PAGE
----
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Davis, California

Wednesday, April 17, 2024

The concerning business of college consulting

Is it ever really fair to pay someone to help you get into college?


By CLAIRE SCHAD — cfschad@ucdavis.edu 


In the spring of my third year of high school, as I was about to embark on the journey that is college applications and admissions, the news about the “Operation Varsity Blues” scandal broke. I learned that wealthy elites had been paying to ensure their children gained admission to top universities in the form of bribes, falsified test scores and made-up athletic careers. As a soon-to-be first-generation college student, learning what I could be up against was daunting.  

“But at least they got caught,” I thought. This must be a step in the right direction. And while yes, there was some justice served for those who had been cheating, the college admissions system remains immensely flawed and unequal, continuing to heavily favor the wealthy and privileged

In recent years, the acceptance rates at top colleges and universities have been decreasing, meaning qualified applicants are receiving more rejection letters than ever before. This steady increase in the difficulty of admissions has paved the way for a new industry, available to those willing to front the money: college admissions consultants. 

These so-called college admissions experts are hired by families to help their children through the college admissions process. Their scale of work can vary greatly from client to client, but in some of the most involved cases, the consultant is hired while the child is still in middle school. The counselors work closely together with the family to develop the child’s interests and then guide them to opportunities that showcase their interests in a way that will impress top colleges. 

I was in my first year of high school when a close friend’s parent suggested that my family hire the college consultant their family was using. It was presented simply: fork up a couple thousand dollars, and the consultant will help develop your child into the best possible applicant they can be. 

This specific college consultant helped my friend throughout high school, offering test prep support for the SAT and suggesting specific activities and volunteer experiences that were sure to wow college admissions representatives. When it came time to start the college application process, my friend’s resume was filled to the brim with activities suggested by the admissions consultant, and she had a relatively high SAT score. 

In contrast, I had gone through high school personally seeking out activities that I enjoyed. I volunteered at my local animal shelter, joined clubs to spend more time with friends, played the sports I loved and worked with community groups that I felt strongly connected to. As a result, I had a resume that had a little bit of everything on it. It wasn’t fine-tuned to show my dedication and connection to my intended major, which is what some say colleges look for. Despite this, it was representative of me as a person, which is something I am proud of, even if I didn’t realize it at the time. 

When it came time to write my college admission essays, I felt wildly unprepared. I read countless articles about which topics make a good college essay and which ruin it. After all of this preparation, I decided to sit down and start writing. And honestly, most of my essays were not great — I didn’t fully understand how to present my ideas in a way that would be interesting to college admissions officers, likely because I was never really taught how to do so.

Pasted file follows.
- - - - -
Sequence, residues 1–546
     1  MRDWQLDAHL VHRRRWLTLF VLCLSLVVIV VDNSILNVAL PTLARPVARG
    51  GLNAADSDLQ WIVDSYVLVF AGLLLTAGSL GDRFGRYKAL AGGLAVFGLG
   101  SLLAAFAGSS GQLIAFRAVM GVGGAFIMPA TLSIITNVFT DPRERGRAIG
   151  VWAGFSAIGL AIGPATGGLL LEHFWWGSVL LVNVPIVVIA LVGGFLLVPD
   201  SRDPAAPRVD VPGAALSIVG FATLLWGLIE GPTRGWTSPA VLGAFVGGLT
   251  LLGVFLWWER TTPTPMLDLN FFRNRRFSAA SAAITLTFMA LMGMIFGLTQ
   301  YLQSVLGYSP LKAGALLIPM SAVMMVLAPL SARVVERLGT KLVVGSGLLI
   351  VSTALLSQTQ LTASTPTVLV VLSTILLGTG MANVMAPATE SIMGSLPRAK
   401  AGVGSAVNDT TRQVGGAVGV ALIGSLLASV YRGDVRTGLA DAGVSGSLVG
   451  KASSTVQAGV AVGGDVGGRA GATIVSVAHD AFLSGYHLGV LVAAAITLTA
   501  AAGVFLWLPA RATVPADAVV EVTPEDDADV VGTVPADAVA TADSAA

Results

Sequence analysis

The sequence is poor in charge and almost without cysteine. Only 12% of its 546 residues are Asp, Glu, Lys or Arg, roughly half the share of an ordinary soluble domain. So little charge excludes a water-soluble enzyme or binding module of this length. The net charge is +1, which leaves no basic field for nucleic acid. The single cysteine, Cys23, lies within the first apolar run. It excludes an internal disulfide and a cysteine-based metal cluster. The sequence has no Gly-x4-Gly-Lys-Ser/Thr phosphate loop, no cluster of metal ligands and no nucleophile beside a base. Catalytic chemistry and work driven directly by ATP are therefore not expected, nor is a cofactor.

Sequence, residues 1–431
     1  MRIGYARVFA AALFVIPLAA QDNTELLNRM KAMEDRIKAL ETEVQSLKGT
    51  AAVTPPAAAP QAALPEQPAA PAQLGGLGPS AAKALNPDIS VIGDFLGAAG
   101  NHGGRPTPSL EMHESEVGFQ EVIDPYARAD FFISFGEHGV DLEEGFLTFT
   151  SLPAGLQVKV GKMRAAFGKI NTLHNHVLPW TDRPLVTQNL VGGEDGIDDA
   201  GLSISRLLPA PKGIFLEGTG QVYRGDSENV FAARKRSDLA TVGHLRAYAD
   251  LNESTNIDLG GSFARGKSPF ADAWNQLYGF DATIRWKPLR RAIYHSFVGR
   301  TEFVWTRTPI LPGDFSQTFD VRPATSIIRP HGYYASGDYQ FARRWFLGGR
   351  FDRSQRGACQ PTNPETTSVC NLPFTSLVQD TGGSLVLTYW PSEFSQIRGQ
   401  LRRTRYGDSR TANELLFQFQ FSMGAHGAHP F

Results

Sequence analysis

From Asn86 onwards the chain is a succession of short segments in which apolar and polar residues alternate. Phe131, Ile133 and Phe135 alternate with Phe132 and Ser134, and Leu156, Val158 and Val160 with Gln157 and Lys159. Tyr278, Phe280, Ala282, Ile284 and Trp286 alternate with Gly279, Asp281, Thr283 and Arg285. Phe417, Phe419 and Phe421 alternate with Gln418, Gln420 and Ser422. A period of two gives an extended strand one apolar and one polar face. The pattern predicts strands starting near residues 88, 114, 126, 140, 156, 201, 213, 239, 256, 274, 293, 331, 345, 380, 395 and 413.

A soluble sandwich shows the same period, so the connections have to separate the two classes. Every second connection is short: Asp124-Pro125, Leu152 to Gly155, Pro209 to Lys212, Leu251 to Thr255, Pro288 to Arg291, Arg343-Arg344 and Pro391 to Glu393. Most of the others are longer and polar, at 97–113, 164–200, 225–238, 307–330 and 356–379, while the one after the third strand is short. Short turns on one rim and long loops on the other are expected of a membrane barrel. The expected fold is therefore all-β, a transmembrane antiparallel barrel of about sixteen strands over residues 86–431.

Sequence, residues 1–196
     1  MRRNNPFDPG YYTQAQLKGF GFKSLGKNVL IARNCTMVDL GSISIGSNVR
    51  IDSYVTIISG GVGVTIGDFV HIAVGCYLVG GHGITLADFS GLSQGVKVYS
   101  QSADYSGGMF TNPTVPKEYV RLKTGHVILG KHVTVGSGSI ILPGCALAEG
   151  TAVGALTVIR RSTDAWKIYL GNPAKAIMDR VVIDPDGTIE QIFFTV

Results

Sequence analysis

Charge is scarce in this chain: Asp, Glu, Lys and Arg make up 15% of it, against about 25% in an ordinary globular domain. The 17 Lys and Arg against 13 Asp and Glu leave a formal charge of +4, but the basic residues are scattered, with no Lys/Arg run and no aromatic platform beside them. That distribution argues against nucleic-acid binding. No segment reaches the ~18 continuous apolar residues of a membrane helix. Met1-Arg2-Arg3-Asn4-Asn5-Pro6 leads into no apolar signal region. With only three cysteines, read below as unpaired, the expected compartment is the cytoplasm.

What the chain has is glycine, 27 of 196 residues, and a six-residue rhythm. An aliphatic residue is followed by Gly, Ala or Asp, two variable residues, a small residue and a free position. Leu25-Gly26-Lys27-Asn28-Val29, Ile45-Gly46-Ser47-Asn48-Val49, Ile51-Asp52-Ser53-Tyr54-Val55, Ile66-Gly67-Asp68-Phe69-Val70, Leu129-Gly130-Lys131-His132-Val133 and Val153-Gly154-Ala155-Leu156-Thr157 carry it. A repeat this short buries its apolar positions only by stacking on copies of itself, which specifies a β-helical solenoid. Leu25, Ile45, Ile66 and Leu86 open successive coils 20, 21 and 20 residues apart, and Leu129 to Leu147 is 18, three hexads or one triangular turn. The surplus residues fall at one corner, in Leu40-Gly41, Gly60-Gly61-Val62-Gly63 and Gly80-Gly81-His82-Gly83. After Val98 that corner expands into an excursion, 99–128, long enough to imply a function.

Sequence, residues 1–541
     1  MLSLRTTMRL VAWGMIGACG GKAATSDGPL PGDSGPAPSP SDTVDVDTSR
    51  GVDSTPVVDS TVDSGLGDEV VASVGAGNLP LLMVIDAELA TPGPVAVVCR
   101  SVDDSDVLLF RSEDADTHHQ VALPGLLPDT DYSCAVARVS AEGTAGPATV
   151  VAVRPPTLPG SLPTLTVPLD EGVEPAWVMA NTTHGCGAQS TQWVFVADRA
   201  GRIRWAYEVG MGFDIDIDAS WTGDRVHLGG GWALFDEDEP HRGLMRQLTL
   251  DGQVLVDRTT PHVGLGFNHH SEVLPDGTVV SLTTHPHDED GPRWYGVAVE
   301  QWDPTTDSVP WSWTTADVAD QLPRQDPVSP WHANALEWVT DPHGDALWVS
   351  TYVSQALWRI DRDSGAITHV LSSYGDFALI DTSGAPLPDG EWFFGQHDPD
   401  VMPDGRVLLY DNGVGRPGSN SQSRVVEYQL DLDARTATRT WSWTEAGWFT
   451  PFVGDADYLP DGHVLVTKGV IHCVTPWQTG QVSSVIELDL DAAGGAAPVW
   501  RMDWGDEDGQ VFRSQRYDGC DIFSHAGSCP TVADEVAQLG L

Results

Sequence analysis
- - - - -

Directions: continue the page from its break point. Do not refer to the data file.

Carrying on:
My friend who used the admissions consultant, on the other hand, had someone by her side as she wrote her essays. They would review them after each draft and provide detailed suggestions on how to improve. If I had used this service, would my essays have been better? There is no way to know for sure, but targeted guidance and suggestions would have likely made a difference in the process. After all, my friends who used these services yielded positive results and gained acceptance to practically all of their desired universities.

Throughout the entire college admissions process, I was aware that multiple of my friends were using college consultant services. However, I was adamant that I wanted to complete all of my applications on my own. Maybe I thought these services were unfair, or maybe my stubborn teenage self just wanted to prove that I could do something on my own. Either way, looking back on it, I am happy to say that I have gotten to where I am today without the help of a paid consultant. 

Now that I have matured and am on the cusp of graduation, I can confidently say that college admissions consultants are just another means to providing wealthy students with an advantage in the college admissions process. 

So, if in the future you are ever thinking about spending thousands of dollars on a college consulting service for yourself or someone you love, I encourage you to think deeply about the way these services are contributing to the inequity of higher education. Think about how being molded into the “perfect applicant” may limit self-exploration and personal development. Even though the college consulting industry will try to convince you about the necessity of their services, I challenge you to push back and try to figure it out yourself. After all, rejection isn’t really failure, it’s just redirection. 


Written by: Claire Schad — cfschad@ucdavis.edu 


Disclaimer: The views and opinions expressed by individual columnists belong to the columnists alone and do not necessarily indicate the views and opinions held by The California Aggie.


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